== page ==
Over the weekend, Janell Ross interviewed a couple of experts in gender and politics to get their take on whether Hillary Clinton is held to a different standard than male candidates. Julie Dolan, a professor of political science at Macalester College in Minnesota, had this to say:
Clinton is the most experienced candidate in the field, but campaign rivals Donald Trump and Bernie Sanders are leveling attacks against her that she’s not qualified for the job. In doing so, they’re playing into a long-standing narrative that women lack what it takes to succeed in the male-dominated world of politics. The fact that two less-experienced male candidates are leveling this attack against her is telling. Neither Trump nor Sanders feels compelled to shore up their own credentials or justify their own relative lack of experience because they don’t need to; they benefit from a gendered double standard where men are automatically presumed qualified for public office and women are not.
This illustrates the problem of viewing politics through too narrow a lens. For starters, Hillary Clinton isn’t the most experienced candidate in the field. Bernie Sanders has served in Congress since 1991. That’s more experience than Hillary even if you count her years as First Lady. And while Trump has no political experience, he’s running on his business background—just as lots of other candidates have. This year alone Carly Fiorina and Ben Carson joined Trump in the Republican primary as candidates with no political experience at all.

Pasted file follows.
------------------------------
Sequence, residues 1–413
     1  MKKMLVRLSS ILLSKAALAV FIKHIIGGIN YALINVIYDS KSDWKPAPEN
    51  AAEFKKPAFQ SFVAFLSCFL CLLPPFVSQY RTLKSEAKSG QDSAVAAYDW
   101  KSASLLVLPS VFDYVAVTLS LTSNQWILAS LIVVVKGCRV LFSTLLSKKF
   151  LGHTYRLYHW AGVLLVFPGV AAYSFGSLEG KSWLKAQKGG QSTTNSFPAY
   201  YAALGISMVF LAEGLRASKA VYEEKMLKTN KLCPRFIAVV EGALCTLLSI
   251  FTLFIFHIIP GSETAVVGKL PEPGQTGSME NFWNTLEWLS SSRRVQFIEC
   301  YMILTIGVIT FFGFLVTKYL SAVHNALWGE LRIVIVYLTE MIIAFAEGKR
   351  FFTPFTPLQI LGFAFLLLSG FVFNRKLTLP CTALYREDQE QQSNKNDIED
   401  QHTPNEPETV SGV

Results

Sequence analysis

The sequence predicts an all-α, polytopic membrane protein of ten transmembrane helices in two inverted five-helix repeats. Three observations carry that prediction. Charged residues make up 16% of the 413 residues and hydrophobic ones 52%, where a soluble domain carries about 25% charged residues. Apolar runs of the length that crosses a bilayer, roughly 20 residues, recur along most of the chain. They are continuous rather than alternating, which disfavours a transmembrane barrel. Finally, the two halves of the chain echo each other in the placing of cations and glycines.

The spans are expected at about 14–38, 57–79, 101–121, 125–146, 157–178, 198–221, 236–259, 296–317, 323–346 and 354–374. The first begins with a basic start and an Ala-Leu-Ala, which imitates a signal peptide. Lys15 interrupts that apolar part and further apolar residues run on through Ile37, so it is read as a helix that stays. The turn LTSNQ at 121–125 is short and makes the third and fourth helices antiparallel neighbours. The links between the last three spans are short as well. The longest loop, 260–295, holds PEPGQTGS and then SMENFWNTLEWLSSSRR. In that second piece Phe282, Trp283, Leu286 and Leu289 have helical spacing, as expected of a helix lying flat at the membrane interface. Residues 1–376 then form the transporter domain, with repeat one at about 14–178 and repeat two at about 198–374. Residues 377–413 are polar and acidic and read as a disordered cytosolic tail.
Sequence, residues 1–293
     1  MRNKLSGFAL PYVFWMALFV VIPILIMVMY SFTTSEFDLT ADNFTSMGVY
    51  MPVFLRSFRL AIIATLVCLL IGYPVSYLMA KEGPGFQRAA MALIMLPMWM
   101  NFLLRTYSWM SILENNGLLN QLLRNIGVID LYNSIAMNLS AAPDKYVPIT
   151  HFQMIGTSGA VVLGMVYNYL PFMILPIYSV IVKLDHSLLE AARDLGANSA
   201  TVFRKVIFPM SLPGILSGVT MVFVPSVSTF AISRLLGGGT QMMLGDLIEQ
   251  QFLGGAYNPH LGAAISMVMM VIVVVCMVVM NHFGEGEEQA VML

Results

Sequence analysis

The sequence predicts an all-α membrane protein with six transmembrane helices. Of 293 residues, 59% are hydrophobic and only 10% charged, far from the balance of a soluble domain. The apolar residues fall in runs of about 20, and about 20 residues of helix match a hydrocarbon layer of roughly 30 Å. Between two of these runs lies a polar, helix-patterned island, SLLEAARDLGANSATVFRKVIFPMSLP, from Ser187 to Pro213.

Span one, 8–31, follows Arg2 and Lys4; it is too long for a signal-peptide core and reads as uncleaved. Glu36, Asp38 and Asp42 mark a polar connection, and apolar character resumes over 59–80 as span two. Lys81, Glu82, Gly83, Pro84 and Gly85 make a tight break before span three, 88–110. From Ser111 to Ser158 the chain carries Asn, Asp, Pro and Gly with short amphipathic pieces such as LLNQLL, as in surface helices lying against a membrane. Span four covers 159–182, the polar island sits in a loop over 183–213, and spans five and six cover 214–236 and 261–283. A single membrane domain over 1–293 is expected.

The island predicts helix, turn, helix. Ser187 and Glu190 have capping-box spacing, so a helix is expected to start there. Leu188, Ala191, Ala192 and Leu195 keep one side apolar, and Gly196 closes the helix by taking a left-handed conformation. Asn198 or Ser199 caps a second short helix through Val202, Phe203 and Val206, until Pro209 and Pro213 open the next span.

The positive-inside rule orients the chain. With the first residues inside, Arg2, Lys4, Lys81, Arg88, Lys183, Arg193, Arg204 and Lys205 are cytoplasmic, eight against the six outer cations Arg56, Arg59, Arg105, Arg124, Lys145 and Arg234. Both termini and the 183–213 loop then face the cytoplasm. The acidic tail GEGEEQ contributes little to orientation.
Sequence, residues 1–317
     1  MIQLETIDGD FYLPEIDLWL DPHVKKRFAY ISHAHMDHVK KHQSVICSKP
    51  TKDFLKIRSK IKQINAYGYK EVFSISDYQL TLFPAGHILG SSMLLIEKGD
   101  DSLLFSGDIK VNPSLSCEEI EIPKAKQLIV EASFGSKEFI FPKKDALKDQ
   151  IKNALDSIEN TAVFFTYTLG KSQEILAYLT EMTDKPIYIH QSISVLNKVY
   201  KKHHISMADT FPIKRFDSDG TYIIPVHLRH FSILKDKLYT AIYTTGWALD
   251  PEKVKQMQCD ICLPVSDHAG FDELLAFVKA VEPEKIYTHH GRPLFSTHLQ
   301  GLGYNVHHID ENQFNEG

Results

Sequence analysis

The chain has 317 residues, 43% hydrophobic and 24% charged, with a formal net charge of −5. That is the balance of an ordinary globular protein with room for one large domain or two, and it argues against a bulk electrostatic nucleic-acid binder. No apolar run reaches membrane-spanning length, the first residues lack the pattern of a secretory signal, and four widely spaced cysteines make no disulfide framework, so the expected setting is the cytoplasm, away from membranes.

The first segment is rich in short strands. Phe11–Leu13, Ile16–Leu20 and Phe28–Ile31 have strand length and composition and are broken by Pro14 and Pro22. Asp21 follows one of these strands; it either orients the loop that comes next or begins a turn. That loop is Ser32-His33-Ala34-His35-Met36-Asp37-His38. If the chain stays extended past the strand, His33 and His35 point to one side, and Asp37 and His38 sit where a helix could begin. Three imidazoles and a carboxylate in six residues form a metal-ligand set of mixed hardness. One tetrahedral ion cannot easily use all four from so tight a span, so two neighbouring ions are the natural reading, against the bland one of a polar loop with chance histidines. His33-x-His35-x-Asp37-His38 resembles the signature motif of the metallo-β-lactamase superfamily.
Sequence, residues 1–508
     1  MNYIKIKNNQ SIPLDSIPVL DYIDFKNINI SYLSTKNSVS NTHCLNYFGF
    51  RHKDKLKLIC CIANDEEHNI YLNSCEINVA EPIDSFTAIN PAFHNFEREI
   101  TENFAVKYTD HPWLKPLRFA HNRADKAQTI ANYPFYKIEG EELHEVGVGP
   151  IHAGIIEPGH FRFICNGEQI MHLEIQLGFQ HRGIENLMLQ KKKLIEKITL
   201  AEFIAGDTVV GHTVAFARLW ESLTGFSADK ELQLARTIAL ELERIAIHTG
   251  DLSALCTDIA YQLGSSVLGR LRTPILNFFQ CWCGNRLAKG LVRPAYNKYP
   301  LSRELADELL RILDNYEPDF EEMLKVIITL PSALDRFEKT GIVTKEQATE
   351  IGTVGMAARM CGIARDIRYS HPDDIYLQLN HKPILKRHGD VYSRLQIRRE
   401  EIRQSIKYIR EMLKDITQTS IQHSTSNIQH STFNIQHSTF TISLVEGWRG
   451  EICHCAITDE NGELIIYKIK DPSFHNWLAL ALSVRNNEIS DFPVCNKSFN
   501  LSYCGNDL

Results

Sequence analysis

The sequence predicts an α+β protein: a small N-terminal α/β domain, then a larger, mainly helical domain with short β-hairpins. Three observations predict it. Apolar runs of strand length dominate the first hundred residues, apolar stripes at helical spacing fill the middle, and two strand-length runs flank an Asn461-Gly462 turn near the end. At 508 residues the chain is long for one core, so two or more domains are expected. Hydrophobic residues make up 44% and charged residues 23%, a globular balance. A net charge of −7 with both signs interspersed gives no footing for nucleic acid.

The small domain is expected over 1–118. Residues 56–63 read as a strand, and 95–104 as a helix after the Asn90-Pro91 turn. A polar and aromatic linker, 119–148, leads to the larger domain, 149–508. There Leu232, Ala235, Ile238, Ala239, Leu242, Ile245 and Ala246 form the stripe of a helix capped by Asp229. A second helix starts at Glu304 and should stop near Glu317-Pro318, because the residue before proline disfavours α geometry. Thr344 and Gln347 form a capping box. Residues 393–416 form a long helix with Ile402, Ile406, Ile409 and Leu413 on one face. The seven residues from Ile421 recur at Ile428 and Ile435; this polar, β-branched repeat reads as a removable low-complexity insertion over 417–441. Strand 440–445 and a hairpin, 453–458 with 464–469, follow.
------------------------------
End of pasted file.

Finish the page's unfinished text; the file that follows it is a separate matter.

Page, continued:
Nor is it true that Hillary’s opponents have been slamming her for being unqualified—aside from the usual sense in which political candidates always claim to be better qualified than their opponents. There was a single incident in April where Hillary tiptoed a bit around the question of whether Bernie was qualified, which led to a misleading Washington Post headline (“Clinton questions whether Sanders is qualified to be president”), which in turn led to Bernie losing his temper and kinda sorta saying she’s not qualified if she’s taking lots of money from Wall Street. But even there, Bernie was pretty obviously using “unqualified” in the sense of “bad policies,” not in the sense of having too little experience.
As for Trump, again, there was a single incident a couple of weeks ago in which Hillary called him unqualified, and he naturally hit back in his usual nanner-nanner way: calling her judgment bad and saying she’s the one not qualified to be president. Just the usual Trump bluster.
Hillary Clinton simply isn’t the target of an unusual number of attacks on her experience and qualification. She’s rather famously running on the fact that she has more of those qualities than anyone else in the race, and no one has really disputed that. Quite the contrary: this year, having a lot of experience is something of a problem, one that both Sanders and Trump have capitalized on. If Hillary Clinton is being slammed for anything, it’s for being too qualified, not the opposite.